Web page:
What did Wendi Deng first see in the billionaire Rupert Murdoch? It is the oldest joke in the book and one that has long been directed at this relationship - by everyone from supposedly hostile Murdoch family members, who have expressed their disdain since the media mogul tied the knot with her on his yacht, Morning Glory, in 1999, to the media and the world at large.
But if octogenarian Murdoch's fumbling - and even at times confused - performance at the House of Commons this week was surprising, it paled into insignificance, in terms of theatrics at least, to that of his third wife. The impeccably groomed Deng had been until that point inscrutable. But she leapt to his defence, unceremoniously slapping the improbably named "pie man", Jonnie Marbles, and thereby deflecting his assault long before anyone as effective as a security guard, say, had the good sense to intervene.
Her reaction to a threat to his personal safety was clearly instinctive. A new media heroine was born and one who is a more formidable prospect than either Kate Middleton or Victoria Beckham, to name perhaps the two most conspicuous examples beloved by the UK's press.
Although increasingly well known in the US, Deng's profile in England has been relatively low until now - her husband appeared to prefer it that way, in the early days of their marriage especially.
In 1999, Murdoch told Vanity Fair magazine that his relationship with his wife ruled out her working for News Corp at that point. Instead, she was "busy working on decorating the new apartment" in Manhattan. Later, it is thought that he pulled a profile of her written by a contributor to Fortune magazine and destined for an Australian newspaper chain he partly owned at the time.
She was born Deng Wen Ge - one of three children and the daughter of a factory manager - and grew up in eastern China, simplifying her name to Wendi in her mid-teens.
While studying medicine, aged 16, she met a Californian couple, Jake and Joyce Cherry, who had been posted to the region. They would turn out to be her ticket to the West. Proving herself a tough cookie from the start, Deng persuaded the Cherrys to sponsor her for a student visa to the US.
Mrs Cherry's help and affection was rewarded by her young protege promptly running off with her husband - 30 years her senior. They married but lived together for no more than a few months. It wasn't long before Deng was embroiled in an affair with David Wolf, a man of her own age, and, a little less than three years later, she and Jake Cherry divorced. Mr Cherry told The Wall Street Journal: "She told me I was a father concept to her, but it would never be anything else. I loved that girl."
With an MBA from Yale University and a degree in economics, Deng was then employed by Star TV, News Corp's Asian satellite-television operation in Hong Kong, as an intern in 1996. She met Murdoch in 1998 when she was assigned the job of his interpreter in Shanghai and Beijing - rumours of a blossoming relationship of a more intimate nature began circulating a few months later.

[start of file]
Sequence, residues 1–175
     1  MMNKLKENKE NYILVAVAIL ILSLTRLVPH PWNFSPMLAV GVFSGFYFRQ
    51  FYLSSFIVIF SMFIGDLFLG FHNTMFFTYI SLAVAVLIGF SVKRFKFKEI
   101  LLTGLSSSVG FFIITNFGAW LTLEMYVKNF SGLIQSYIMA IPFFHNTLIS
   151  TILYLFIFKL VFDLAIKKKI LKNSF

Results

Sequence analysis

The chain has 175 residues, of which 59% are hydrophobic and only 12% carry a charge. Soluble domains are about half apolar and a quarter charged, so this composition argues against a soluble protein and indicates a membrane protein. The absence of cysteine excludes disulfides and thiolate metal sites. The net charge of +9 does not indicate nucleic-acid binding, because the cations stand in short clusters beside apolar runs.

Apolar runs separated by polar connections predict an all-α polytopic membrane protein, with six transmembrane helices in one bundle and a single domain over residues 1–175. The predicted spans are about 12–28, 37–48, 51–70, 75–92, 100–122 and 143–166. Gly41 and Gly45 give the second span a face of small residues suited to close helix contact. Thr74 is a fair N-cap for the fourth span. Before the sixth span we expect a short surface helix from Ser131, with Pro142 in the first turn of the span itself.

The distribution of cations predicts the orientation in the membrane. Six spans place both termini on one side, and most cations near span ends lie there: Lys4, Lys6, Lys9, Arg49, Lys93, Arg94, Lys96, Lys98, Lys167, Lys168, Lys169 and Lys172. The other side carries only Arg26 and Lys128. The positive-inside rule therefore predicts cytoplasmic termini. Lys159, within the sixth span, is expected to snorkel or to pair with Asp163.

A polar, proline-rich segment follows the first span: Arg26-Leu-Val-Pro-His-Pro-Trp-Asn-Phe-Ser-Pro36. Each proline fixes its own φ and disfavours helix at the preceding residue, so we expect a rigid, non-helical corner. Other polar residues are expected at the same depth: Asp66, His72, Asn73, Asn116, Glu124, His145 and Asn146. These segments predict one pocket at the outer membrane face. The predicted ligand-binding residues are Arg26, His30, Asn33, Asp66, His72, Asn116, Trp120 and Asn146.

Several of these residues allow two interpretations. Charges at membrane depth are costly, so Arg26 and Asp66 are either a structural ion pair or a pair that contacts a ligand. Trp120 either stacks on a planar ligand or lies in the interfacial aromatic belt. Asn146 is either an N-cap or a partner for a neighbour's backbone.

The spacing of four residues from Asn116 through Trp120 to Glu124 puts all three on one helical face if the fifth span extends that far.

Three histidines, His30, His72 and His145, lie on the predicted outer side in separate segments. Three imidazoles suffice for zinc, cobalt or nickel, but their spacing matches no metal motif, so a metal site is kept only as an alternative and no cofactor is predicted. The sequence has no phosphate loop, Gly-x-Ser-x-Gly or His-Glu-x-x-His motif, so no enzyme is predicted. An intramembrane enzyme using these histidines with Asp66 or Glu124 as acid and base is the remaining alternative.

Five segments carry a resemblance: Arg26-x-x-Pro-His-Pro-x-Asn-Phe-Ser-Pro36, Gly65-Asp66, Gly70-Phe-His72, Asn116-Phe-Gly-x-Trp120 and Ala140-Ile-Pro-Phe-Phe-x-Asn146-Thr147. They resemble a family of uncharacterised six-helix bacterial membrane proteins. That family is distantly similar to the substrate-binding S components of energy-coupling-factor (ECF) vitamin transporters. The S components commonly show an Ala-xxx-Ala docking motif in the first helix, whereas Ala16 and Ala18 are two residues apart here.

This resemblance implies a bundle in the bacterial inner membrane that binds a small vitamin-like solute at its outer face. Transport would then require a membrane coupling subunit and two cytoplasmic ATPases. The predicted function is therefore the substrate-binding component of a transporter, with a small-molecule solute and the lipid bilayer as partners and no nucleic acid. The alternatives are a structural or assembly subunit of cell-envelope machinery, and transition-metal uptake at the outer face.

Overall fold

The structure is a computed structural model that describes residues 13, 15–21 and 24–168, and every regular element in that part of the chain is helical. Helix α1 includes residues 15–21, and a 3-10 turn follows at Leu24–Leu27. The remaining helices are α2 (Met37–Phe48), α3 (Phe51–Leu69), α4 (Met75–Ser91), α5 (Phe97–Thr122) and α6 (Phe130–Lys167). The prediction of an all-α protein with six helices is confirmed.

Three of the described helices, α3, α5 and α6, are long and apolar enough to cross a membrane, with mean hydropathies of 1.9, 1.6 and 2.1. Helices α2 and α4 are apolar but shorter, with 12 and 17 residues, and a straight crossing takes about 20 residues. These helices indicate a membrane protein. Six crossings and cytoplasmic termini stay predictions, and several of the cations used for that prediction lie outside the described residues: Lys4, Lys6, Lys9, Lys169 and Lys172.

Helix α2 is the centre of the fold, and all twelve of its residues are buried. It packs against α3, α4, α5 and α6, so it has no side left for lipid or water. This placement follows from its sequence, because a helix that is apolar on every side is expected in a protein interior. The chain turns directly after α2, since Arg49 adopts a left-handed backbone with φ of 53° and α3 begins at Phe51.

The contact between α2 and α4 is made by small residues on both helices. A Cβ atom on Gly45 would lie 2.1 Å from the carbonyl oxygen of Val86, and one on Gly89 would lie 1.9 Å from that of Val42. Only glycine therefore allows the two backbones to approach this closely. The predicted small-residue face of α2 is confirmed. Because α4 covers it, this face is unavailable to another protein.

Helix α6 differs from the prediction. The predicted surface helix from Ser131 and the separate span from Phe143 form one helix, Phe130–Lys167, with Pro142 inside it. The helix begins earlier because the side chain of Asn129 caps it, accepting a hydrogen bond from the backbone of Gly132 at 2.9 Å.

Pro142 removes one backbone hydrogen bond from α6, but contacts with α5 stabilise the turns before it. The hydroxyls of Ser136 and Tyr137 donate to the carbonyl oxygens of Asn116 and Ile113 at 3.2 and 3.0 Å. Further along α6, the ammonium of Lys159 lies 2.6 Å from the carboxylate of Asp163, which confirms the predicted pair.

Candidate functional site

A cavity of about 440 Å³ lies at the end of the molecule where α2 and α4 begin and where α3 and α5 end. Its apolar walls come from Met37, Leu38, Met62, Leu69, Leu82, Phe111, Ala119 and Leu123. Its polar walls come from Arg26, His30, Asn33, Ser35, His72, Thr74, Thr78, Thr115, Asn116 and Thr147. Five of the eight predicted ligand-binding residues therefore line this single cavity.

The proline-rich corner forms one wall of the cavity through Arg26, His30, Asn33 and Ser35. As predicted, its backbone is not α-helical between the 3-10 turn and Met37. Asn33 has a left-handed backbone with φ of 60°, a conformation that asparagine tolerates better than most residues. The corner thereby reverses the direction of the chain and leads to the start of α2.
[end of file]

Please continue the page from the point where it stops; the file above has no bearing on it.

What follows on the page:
It is unsurprising that Deng, 42, has attracted the requisite jibes reserved for much younger wives. When Anna Nicole Smith died, Private Eye published a picture of her as a dominatrix captioned with the words: "Anna Nicole Deng: the scheming temptress who stole her way into the heart of a foolish old man - and stole all his money as well."
On the other hand - and equally the stuff of cliche - Murdoch has been accused of being attracted to her more for her abilities to ease his entry into China than anything as straightforward as youth or beauty.
She is co-founder and co-CEO of the film company Big Feet productions - Snow Flower and the Secret Fan happens to be its current project, and will have a giant publicity boost after this week. In short, she's anything but a trophy wife.
She is the mother of Grace and Chloe, two potential heiresses of Murdoch's. Although his children from former marriages - Prudence, Lachlan, Elisabeth and James - and his second wife, Anna, fought his attempts to give his youngest progeny a say in the running of his empire, the young children will benefit from his fortune nonetheless.
In 2007, Grace and Chloe received US$100 million in stock from their father.
So what next for Wendi Deng? If past form is anything to go by, she will continue to stand by her man while the rest of the world decries him and, for that, she may prove to be his finest asset.
Straight after the pie-throwing incident, social-media sites were lit up with praise for Deng - some ironic, but much of it genuine admiration. "Wendi heroic protector of fading old genius," tweeted Channel 4 News' Jon Snow not long after her by-now legendary intervention.
So during a scandal that continues to erupt around the name Murdoch, this relatively unknown character has, in a matter of seconds, lent a tender aspect to the story. Even the most adept of publicists (or damage-limitation experts) would have been considered foolhardy even to have dreamt of that.